Moving Ahead [December 2011]

Consulting on Upcoming Accessibility Initiatives

On October 17 and 18, members of the Canadian Transportation Agency’s Accessibility Advisory Committee gathered in Ottawa to consult on several key initiatives.

The Committee brings together representatives from the community of persons with disabilities, industry and the federal government. With their specific expertise and backgrounds, the members support Agency efforts in developing and updating regulations, guidelines, standards and other tools with a view to improving the accessibility of the national transportation network.

A transcript of the Chair’s opening remarks to the Committee is available on the Agency’s Web site.

During the meeting, the Agency sought input and advice in a number of areas, as described below.

Update of Part VII of the Air Transportation Regulations (ATR)

In its new three-year Strategic Plan, the Agency made a commitment to modernize its regulatory regime and to ensure that the regulations and standards affecting the federal transportation network are up-to-date, relevant and clear.

One of the regulations currently under review is Part VII of the ATR, which addresses the terms and conditions of carriage of persons with disabilities. The Regulations require air carriers to provide various services and information to travelers with disabilities. They apply to Canadian air carriers operating services in Canada with aircraft having 30 or more passenger seats.

Update of the Personnel Training for the Assistance of Persons with Disabilities Regulations (PTR)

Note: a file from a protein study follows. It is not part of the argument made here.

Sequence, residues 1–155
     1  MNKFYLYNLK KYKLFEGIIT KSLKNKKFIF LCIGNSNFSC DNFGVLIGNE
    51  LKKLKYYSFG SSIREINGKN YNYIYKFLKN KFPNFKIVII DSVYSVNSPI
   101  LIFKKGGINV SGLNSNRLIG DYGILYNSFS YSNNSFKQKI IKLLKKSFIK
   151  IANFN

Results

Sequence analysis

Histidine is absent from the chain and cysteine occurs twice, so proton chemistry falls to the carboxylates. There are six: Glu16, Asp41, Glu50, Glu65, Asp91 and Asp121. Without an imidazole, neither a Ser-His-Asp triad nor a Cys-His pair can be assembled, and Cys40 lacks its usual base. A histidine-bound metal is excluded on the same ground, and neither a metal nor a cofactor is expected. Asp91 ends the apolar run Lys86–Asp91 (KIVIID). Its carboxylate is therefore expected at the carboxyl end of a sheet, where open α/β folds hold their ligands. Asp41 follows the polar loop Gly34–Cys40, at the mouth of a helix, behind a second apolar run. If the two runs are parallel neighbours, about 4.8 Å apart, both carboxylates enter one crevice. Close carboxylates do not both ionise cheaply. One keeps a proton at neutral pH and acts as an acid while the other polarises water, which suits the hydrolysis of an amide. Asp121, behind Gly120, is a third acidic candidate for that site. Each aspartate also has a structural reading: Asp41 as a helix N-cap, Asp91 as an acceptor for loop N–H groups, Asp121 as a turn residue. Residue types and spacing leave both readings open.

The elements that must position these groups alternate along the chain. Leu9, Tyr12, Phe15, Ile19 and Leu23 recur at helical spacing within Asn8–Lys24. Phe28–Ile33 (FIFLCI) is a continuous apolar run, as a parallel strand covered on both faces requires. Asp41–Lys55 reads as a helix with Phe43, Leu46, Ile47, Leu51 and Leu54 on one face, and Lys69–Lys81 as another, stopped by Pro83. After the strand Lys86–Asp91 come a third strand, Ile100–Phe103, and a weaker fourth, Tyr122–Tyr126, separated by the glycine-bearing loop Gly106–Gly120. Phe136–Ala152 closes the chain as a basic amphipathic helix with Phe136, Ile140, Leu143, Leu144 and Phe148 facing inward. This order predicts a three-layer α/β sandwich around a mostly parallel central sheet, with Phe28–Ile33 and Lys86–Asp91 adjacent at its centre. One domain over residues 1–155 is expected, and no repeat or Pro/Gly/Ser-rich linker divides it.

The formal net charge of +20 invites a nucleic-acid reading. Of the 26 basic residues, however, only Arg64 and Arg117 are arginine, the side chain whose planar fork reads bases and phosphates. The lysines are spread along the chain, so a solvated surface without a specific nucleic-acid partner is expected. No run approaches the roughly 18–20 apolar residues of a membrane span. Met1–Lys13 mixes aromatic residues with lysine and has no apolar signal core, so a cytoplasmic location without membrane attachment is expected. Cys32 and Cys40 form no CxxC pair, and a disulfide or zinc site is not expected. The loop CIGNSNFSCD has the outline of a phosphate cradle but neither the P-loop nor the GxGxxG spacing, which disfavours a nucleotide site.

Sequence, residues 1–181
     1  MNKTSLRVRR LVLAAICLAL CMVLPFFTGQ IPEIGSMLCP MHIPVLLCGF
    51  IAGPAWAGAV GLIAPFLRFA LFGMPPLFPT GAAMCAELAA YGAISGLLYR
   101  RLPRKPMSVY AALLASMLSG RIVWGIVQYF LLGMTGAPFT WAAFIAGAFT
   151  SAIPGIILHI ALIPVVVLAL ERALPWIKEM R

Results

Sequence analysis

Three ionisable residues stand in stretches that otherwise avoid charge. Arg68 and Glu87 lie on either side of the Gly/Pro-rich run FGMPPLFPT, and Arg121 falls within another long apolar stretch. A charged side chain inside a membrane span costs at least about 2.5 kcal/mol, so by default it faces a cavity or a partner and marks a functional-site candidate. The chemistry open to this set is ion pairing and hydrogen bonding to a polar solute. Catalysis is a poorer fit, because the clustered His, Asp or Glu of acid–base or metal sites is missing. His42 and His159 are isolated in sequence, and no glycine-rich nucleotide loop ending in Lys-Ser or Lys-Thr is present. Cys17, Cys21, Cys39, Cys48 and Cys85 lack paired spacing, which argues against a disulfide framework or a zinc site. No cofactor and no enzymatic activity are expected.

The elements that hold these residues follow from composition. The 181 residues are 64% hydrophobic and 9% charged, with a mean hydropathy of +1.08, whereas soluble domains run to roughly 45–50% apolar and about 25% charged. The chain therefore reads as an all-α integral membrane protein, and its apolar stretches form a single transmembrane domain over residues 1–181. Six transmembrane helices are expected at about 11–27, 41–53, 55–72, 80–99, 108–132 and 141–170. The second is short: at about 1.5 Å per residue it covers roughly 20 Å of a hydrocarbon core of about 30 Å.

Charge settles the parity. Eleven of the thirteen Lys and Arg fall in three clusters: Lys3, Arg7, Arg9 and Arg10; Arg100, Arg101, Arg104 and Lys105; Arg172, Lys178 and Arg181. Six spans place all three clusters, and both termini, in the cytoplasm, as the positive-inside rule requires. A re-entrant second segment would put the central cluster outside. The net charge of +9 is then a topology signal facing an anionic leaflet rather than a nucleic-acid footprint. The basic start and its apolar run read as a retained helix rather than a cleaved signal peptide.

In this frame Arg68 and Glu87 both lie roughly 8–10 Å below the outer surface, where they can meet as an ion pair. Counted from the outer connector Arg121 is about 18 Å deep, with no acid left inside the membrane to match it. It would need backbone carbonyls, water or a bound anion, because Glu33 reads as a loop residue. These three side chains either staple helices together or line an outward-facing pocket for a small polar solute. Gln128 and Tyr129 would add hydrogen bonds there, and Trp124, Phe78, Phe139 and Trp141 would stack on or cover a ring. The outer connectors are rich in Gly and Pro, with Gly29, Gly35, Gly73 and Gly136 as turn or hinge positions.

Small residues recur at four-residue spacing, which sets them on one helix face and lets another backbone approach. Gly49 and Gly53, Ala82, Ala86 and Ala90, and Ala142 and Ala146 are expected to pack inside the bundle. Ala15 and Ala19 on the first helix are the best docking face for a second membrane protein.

The Personnel Training for the Assistance of Persons with Disabilities Regulations (PTR) require certain air, rail and marine carriers and terminal operators to ensure that their employees and contractors are trained to provide suitable transportation services to persons with disabilities.

As always when updating regulations, the Agency is taking a consultative approach to ensure that both the PTR and Part VII of the ATR reflect the dynamic nature of the federal transportation industry as well as the needs of travelers with disabilities.

New Resource Tool for the Carriage of Mobility Aids

The carriage of mobility aids is an essential part of any mobility aid user’s travel, and requires extra planning and preparation. Over the last decade, there has been a marked increase in the size of some types of mobility aids and the frequency in use of all mobility aids.

The Agency is in the process of developing a resource tool to address the carriage of mobility aids on board federally-regulated aircraft, trains and ferries. The tool will assist transportation service providers and passengers who use mobility aids to ensure that these aids are transported safely, efficiently and consistently.

New Resource Tool for the Resolution of Accessible Transportation Disputes

The Agency wants its clients and stakeholders to be aware of their rights and responsibilities in a transportation dispute. It is developing a new resource tool that will enhance the efficiency and effectiveness of the dispute resolution process, while ensuring that the process is well understood and transparent.

Specifically, the resource tool will:

  • Give an overview of the Agency and its mechanisms for resolving accessibility disputes;
  • Provide guidance to persons filing a complaint regarding the accessibility of the federal transportation network; and
  • Offer information to responding transportation service providers.

New Code of Practice for the Accessibility of non-National Airports System Terminals

Currently there are no standards that address physical accessibility, communications or services to persons with disabilities for terminals that are not part of the National Airports System (NAS). The NAS is comprised of 26 national airports linking Canada from coast to coast.

The existing codes of practice apply only to NAS terminals, which account for approximately 94 percent of passenger traffic. The Agency is developing a new code of practice for accessibility that will apply to all non-NAS terminals that handle more than 10,000 passengers a year. 

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